A jury Monday recommended that Gregory McKnight be sentenced to death for the murder of 20-year-old Kenyon college student Emily Murray. What makes this case unusual is that the judge overseeing the case initially prohibited the prosecutors from seeking the death penalty, not because the law did not permit it for the crime (it did), but because he believed that rural Vinton County, Ohio could not afford the defense. After Ohio Attorney General Betty Montgomery weighed in by filing an appeal, the judge relented and allowed the prosecution and court appointed defense to go forward.
And what a defense it was. Mr. McKnight’s lawyers attempted to pin Ms. Murray’s death on . . . Ms. Murray. They drudged up tragic details of her past to suggest that because she had attempted suicide in high school, maybe she killed herself. The only question then was whether this was before or after she drove 80 miles from her residence, rolled herself in carpet, and placed the carpet neatly in Mr. McKnight’s trailer. Talk about blaming the victim.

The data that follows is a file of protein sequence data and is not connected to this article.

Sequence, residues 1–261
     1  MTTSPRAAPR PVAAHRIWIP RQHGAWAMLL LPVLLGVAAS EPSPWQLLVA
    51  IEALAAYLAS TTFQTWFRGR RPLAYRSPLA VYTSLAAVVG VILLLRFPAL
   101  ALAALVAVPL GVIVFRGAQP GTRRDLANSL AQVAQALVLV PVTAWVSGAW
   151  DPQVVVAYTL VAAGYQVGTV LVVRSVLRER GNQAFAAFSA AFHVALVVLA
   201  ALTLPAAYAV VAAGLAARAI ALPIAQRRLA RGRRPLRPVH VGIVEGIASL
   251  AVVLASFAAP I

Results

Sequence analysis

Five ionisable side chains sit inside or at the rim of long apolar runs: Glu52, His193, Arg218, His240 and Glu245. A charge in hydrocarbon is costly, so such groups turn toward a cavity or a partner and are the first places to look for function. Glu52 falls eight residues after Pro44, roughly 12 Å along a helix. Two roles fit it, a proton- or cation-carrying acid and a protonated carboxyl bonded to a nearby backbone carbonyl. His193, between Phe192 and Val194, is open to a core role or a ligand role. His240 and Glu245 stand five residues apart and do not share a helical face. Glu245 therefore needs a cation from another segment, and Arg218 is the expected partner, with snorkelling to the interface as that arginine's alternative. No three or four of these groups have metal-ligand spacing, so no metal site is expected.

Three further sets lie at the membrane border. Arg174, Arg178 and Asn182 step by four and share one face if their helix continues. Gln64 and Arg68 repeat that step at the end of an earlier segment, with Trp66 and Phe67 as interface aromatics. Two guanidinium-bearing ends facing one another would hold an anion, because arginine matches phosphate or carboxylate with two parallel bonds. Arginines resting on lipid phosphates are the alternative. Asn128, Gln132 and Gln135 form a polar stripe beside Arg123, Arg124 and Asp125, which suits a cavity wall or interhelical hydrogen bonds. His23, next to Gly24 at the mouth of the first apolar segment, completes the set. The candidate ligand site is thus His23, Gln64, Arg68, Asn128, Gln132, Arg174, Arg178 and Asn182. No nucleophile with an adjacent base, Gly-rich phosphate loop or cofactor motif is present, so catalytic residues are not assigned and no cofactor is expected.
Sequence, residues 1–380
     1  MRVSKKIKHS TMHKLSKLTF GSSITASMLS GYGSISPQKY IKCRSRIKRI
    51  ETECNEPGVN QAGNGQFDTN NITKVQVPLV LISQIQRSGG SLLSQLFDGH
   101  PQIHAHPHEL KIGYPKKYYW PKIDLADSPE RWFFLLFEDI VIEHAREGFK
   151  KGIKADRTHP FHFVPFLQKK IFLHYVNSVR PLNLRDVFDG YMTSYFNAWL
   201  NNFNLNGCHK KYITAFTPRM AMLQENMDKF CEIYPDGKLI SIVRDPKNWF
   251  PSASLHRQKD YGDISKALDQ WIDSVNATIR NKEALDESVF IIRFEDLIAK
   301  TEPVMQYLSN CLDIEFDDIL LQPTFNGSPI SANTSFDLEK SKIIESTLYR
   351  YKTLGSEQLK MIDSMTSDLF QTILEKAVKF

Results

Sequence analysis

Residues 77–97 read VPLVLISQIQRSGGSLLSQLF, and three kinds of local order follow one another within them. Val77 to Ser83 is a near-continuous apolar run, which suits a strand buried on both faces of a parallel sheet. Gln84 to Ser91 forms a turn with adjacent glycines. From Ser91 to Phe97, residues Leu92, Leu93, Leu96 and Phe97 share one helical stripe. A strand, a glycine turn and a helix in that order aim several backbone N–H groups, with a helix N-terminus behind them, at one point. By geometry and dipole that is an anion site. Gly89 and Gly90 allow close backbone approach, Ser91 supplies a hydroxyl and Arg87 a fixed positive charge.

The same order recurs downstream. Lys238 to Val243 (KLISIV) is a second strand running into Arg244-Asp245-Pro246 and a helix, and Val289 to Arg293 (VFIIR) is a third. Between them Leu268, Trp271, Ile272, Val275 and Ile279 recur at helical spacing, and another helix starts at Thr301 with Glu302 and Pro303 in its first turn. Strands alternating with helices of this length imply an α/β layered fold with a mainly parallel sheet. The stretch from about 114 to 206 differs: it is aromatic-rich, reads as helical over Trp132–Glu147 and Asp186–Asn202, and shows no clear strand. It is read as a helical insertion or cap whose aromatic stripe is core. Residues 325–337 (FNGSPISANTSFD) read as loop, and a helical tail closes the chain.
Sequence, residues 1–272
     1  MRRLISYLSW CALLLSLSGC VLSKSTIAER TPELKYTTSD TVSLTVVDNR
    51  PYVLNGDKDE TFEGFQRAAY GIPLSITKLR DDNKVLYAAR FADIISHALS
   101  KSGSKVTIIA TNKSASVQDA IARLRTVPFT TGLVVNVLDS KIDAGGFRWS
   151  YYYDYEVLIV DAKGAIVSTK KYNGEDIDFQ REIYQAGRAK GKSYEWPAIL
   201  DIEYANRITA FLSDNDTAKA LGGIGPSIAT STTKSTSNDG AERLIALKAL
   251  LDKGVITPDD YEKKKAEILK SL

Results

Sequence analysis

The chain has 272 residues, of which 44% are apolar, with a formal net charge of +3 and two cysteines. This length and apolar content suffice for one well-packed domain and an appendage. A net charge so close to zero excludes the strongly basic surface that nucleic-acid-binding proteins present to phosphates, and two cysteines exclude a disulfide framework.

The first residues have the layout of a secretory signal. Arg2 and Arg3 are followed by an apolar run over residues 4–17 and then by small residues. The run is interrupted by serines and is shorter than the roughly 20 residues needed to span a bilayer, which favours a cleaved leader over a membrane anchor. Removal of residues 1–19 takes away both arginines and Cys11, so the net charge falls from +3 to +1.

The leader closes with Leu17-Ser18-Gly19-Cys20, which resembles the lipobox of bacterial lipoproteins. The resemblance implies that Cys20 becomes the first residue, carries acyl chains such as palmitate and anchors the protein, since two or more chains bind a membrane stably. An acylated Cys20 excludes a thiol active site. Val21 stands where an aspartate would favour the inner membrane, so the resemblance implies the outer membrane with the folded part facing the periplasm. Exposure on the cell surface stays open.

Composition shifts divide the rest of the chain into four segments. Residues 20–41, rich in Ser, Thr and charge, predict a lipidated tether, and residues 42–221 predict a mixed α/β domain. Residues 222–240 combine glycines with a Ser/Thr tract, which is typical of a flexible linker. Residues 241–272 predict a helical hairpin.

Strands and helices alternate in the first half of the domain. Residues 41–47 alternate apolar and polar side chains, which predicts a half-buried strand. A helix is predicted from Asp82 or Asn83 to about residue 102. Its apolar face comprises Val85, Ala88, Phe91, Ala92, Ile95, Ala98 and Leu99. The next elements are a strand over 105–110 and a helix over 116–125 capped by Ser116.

It is good that the state chose to challenge the judge’s determination regarding ability to pay, not merely because the decision to bring a capital charge was vindicated by the jury, but also because it leaves fiscal questions for the political branches.